Re: Neighborhood scale [was: Re: is this the cure for the loneliness of American motherhood: opinion piece in NYT]
From: Kathy Ahlers (kathytccoho.org)
Date: Sun, 7 Nov 2021 21:33:37 -0800 (PST)
Yes, the potential is there.
In Minneapolis/St Paul, the NextDoor.com platform (which is available all
over the U.S.) is used in some similar ways for sharing/trading/bartering,
though there also are discussions, and the discussions often go off the
rails.

Unfortunately, from what I've seen as one of the "team leads" for my
neighborhood, the platform is equally powerfully used to reinforce
philosophic divisions--one example: there are continual dust-ups online
between people who are vociferous gun owners vs. those with a more peaceful
bent who don't believe in owning guns. Most often, these conversations on
divisive issues seem to drive the wedge in further rather than open a space
for understanding.

Kathy

Kathy Ahlers
board member
Twin Cities Cohousing Network, a 501c3 organization
tccoho.org
Follow us on Facebook <https://www.facebook.com/TwinCitiesCohousing/?ref=nf>

.

On Mon, Oct 25, 2021 at 11:25 AM Chuck Harrison <cfharr [at] gmail.com> wrote:

> Regarding social knitting at the neighborhood level it seems to me there is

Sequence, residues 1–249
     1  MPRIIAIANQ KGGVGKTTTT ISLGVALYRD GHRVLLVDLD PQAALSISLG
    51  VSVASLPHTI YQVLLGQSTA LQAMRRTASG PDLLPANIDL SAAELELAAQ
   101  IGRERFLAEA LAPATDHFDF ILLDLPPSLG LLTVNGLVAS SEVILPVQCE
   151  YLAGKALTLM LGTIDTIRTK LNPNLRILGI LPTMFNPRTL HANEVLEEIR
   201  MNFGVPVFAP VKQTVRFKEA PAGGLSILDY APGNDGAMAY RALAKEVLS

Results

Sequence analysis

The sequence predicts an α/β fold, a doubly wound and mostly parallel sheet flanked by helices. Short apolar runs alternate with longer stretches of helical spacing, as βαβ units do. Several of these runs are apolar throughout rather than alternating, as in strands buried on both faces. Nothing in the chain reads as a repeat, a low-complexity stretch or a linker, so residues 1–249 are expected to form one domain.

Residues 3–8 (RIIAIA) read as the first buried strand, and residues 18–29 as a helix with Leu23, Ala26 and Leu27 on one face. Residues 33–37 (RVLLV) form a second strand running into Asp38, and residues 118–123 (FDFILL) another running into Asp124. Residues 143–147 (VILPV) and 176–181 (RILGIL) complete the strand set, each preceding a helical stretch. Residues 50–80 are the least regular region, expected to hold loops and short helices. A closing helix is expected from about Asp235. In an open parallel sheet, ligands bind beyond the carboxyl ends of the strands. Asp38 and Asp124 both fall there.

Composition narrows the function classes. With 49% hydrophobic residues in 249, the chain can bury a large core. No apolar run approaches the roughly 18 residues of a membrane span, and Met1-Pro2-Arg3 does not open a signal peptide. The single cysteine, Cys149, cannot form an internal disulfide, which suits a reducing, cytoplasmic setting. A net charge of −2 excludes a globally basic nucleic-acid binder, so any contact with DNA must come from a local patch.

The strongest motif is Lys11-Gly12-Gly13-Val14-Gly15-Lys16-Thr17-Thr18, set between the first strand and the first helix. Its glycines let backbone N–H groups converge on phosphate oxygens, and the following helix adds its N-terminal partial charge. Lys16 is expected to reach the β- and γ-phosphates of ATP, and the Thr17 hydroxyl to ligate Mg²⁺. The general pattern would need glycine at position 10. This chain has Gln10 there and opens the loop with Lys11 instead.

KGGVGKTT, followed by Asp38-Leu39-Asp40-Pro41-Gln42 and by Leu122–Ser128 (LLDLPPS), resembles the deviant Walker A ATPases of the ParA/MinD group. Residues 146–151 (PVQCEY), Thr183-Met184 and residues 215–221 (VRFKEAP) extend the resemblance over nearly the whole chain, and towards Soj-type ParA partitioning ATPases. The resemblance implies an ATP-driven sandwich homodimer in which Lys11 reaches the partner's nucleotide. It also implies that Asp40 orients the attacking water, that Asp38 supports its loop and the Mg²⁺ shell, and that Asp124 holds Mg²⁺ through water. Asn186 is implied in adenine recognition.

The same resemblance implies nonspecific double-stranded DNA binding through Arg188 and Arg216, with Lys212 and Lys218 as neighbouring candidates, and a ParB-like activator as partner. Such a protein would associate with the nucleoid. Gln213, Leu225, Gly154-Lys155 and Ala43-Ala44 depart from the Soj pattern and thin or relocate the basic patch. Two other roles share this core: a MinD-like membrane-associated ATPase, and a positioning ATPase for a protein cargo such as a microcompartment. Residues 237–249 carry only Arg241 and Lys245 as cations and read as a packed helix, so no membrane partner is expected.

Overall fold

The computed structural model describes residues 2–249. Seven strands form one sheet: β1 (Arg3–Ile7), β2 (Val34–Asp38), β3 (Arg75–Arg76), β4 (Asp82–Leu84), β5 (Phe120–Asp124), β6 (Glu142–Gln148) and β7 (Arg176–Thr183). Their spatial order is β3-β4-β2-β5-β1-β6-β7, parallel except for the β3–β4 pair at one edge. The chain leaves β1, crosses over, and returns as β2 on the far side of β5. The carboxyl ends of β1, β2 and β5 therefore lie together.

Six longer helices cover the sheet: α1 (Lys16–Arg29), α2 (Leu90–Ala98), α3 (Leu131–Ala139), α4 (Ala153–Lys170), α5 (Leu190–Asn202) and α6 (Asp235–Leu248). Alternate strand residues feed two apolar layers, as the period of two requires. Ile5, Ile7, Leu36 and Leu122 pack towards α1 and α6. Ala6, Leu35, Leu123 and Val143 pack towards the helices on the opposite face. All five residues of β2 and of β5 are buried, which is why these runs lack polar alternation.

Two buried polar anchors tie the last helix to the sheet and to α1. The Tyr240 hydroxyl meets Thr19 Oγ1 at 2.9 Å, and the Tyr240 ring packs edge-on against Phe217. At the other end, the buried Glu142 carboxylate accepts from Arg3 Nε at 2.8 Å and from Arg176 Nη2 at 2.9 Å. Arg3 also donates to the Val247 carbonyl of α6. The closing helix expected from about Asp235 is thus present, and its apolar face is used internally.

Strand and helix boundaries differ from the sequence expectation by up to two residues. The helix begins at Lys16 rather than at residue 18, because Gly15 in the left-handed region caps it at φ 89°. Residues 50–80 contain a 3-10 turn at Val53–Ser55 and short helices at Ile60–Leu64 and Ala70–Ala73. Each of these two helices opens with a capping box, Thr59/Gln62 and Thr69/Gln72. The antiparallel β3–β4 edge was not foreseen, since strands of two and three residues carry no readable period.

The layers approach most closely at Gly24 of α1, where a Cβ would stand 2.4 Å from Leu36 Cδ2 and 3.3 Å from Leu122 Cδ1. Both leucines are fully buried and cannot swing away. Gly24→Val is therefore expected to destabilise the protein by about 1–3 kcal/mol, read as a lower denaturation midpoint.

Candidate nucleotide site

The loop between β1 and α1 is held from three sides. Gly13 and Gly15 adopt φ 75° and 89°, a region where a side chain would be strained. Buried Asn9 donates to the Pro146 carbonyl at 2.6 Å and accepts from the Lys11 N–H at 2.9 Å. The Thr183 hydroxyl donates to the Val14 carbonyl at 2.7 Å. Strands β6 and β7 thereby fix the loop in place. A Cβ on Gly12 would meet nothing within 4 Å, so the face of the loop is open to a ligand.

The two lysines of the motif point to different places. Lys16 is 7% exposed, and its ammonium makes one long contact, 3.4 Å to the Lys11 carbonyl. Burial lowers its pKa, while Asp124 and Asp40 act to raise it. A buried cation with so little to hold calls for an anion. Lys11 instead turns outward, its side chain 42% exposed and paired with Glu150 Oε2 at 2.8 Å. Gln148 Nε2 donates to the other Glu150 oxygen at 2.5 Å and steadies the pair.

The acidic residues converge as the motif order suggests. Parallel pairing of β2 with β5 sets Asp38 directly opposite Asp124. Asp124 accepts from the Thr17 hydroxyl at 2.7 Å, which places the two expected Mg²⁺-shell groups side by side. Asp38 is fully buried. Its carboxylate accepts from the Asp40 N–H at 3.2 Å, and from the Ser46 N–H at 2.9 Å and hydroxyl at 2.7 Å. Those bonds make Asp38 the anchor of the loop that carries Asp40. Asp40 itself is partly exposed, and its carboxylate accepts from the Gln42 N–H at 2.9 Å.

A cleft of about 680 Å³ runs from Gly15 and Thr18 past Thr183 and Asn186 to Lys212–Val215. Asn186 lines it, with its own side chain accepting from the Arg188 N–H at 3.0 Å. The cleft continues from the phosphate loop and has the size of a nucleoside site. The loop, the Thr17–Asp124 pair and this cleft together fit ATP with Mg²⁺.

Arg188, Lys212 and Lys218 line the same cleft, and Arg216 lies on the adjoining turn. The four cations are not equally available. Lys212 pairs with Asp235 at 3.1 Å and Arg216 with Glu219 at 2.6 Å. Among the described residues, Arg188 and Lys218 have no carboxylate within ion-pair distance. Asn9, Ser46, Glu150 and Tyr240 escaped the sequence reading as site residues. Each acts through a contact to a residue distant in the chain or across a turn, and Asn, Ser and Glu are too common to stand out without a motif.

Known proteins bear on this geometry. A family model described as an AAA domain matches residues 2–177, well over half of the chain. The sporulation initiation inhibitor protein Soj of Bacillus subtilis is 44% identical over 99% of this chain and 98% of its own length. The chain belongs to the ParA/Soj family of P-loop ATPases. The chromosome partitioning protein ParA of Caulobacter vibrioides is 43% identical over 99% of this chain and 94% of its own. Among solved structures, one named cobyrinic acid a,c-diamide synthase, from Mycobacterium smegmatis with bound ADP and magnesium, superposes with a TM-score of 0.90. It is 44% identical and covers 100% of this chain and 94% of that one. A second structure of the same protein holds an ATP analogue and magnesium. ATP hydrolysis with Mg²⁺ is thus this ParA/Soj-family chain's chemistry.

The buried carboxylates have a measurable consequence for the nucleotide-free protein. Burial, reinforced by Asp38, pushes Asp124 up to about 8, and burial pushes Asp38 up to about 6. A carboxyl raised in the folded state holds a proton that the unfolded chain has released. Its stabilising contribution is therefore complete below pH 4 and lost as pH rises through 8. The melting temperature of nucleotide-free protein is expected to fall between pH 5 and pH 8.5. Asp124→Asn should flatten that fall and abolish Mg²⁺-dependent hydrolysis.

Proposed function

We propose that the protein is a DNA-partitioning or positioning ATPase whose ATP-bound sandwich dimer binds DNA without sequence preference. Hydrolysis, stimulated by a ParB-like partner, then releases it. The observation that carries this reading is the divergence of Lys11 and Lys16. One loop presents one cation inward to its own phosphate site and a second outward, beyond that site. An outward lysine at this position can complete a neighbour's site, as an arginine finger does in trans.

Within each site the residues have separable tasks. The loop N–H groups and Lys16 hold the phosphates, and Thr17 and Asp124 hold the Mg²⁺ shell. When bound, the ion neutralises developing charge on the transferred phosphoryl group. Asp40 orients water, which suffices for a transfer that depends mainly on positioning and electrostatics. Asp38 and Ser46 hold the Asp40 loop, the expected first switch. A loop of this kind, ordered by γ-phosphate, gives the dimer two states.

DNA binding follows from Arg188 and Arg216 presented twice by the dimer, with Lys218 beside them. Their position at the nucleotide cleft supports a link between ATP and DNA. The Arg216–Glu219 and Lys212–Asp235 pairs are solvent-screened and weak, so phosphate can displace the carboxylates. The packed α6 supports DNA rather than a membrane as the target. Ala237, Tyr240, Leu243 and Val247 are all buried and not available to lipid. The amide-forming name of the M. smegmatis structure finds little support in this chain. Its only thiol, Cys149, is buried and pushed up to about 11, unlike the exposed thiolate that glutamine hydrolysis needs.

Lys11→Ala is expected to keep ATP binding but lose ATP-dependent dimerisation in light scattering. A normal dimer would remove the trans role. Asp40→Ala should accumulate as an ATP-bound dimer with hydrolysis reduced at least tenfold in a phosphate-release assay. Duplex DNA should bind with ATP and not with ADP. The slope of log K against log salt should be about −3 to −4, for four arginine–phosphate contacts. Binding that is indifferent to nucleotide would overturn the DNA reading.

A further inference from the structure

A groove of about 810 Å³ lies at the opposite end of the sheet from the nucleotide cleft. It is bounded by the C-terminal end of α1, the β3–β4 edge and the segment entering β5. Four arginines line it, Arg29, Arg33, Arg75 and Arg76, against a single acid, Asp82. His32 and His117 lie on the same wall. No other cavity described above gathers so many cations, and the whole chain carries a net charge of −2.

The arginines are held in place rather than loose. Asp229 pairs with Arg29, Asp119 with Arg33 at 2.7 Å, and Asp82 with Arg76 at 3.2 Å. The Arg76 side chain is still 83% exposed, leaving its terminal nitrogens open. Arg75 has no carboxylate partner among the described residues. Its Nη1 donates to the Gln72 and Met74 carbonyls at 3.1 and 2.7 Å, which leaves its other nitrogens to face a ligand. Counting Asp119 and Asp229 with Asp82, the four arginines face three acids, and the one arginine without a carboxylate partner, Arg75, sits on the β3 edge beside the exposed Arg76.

> potential to build on these local exchange groups like Buy Nothing. I am
> particularly intrigued by a platform I have been learning about (originated
> in Israel, but planning to offer elsewhere) https://www.shareitt.com/ .
> Its
> raison d'etre is a sort of barter club exchange but IMHO that could be the
> anchor for much richer neighborhood collaboration. The "sharing points"
> could be developed into a sort of local currency which has a deep potential
> too.
>
> Chuck
>
> On Mon, Oct 25, 2021 at 8:39 AM Sharon Villines via Cohousing-L <
> cohousing-l [at] cohousing.org> wrote:
>
> > [...]
>
>
>
> > Jane Jacob’s legendary descriptions of what make the West Village so
> > special is what makes cohousing so special. I’ve been reading urban
> > planning stuff recently and thinking about “cohousing” on a larger
> > neighborhood scale. How do we apply (enforce) the same principles beyond
> > our borders — cars are not central, pedestrians have the right of way,
> > people share meals in flexible groups, food pops up in unexpected places
> > (pumpkin cookies on the counter, apples in the piazza, making pesto sauce
> > next Saturday if you want to order 1-2 cups), etc.
> >
> >
> >
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